Feeling It

Richard Quinn

IT’S FINALLY HAPPENED: I feel old. Never mind that I am old. Until recently, I didn’t feel old. One contributor to my changed mood: At 78, I’m now the same age as my father was when he died 34 years ago.

I’ve been trying to figure out why I started feeling old. The onset of the pandemic and my recent health scare are likely candidates. Before the past two years, never did I worry about my health.

I also know my appetite has changed. It’s not that I don’t enjoy eating, but rather I just don’t want to eat as much. I’ve joined the ranks of seniors taking home doggy bags from the restaurant.

My wife and I were recently at a diner for breakfast. I leaned over and said to her, “What are we doing? We have seven-figure assets and here we are asking for takeout containers so we can get two meals for the price of one.”

She replied, “Maybe that’s why we have what we have. Our generation looks at things differently—don’t waste anything.”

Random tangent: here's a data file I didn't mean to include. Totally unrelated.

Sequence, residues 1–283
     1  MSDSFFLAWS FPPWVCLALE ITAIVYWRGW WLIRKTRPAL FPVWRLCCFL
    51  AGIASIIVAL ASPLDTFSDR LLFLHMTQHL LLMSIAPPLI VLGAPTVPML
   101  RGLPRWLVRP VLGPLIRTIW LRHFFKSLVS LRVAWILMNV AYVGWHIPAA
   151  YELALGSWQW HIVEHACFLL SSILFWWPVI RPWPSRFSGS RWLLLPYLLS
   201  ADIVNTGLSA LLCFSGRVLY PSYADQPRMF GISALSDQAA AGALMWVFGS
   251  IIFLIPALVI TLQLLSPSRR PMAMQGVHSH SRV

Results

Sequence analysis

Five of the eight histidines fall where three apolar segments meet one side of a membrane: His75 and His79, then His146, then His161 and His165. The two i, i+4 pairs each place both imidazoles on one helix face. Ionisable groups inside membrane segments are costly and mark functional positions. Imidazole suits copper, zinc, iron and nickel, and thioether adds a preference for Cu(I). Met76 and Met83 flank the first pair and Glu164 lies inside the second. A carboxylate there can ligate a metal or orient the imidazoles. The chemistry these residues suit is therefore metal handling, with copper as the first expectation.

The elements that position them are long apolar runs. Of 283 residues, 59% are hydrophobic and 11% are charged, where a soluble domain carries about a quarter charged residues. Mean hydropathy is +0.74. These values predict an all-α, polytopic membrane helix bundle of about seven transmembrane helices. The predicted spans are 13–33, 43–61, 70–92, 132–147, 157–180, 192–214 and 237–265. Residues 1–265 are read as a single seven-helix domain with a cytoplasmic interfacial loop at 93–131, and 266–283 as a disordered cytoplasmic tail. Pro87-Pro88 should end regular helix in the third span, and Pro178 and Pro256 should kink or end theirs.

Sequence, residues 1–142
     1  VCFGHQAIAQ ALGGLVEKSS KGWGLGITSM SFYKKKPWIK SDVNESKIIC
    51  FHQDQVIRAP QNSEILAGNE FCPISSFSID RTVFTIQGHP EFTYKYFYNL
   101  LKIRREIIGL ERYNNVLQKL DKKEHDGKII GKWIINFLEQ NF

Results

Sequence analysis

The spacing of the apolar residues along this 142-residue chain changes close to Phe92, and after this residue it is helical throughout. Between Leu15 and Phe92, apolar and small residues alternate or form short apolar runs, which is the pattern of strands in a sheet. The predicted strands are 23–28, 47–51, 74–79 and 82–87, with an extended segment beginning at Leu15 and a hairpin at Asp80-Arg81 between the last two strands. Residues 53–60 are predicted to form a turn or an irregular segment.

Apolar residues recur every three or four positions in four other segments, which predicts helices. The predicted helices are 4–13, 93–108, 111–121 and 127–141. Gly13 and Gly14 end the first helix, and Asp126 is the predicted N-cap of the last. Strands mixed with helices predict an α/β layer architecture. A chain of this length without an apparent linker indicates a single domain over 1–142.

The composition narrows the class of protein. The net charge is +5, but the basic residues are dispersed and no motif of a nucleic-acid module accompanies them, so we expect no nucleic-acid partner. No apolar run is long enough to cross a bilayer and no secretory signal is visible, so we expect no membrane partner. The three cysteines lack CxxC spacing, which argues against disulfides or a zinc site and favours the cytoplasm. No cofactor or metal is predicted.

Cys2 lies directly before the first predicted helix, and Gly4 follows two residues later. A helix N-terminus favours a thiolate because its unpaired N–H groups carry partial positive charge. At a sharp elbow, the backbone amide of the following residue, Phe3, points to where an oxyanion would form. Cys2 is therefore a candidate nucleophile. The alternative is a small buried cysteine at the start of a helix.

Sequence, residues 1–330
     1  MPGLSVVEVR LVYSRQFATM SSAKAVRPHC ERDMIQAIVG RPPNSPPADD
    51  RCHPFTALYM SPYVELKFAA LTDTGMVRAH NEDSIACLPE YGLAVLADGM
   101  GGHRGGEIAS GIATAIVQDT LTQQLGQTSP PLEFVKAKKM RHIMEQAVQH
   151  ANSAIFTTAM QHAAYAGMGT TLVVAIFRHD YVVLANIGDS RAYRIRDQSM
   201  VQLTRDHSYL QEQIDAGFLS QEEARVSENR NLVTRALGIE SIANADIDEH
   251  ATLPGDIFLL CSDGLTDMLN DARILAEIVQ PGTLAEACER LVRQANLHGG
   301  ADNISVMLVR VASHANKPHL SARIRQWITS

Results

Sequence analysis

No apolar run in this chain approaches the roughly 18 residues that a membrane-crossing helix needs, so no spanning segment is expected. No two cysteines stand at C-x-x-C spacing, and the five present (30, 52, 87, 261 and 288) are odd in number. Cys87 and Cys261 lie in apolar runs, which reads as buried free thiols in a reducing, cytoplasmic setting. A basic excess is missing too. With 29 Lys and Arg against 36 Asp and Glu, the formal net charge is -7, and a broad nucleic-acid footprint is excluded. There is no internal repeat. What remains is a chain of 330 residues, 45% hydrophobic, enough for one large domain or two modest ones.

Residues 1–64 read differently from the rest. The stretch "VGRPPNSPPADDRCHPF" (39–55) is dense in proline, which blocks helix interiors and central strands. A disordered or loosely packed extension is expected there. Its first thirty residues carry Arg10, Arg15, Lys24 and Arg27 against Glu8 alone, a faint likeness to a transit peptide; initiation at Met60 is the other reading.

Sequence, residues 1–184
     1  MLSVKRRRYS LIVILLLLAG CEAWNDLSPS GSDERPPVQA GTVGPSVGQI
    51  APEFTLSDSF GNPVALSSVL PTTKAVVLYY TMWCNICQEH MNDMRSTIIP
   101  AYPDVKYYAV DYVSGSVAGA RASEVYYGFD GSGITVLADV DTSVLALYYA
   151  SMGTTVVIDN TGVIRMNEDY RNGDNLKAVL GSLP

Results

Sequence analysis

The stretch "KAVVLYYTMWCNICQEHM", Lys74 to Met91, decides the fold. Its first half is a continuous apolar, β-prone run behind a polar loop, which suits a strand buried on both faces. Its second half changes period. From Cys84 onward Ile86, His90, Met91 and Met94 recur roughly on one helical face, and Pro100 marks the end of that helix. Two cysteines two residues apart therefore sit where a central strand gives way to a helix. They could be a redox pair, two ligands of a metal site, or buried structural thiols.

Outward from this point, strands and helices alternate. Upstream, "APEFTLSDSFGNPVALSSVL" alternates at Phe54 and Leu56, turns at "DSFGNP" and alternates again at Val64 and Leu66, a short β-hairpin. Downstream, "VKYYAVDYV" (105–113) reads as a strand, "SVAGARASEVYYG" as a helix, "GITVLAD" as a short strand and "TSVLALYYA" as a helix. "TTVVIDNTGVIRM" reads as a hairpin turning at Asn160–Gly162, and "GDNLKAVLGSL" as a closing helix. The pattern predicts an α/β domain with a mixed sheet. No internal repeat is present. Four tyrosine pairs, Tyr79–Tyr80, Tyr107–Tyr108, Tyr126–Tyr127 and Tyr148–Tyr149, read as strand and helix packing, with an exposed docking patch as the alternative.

I’ve also been afflicted by that dreaded indicator of old age—the nap. It’s not that I plan to nap. It just happens. If I’m home around 3 p.m. and sit down, it’s lights out.

Not too many years ago, I used to observe—not exactly kindly—the actions of the old folks on the vacation tours we took. Their mobility was poor, they seemed challenged by technology, they complained a lot and a few were just a tad obnoxious with their demands.

My mobility has slowed a bit, but it isn’t too bad. I’ll admit that getting the golf ball out of the cup is now as challenging as getting it in. I do complain, mostly about the actions of younger generations and politicians. As far as being obnoxious goes, I try my best to avoid that. But I find that, as I age, I’ve become more outspoken. What have I got to lose?

These days my roving eye focuses mostly on a cool car or a cute puppy. My wife of 53 years shows her extreme confidence in me—or my age—by occasionally saying, “Did you see the outfit on that blonde?”

I also seem to be freer with money as I age. But my wife would disagree. I just had a tire blowout and the new tire cost $377. Before I could finish my full rant over the cost, my wife said, “Oh, stop complaining, you act like you’re a pauper.”

Just spend your money, she added, what else are you going to do with it? So we went out to dinner.

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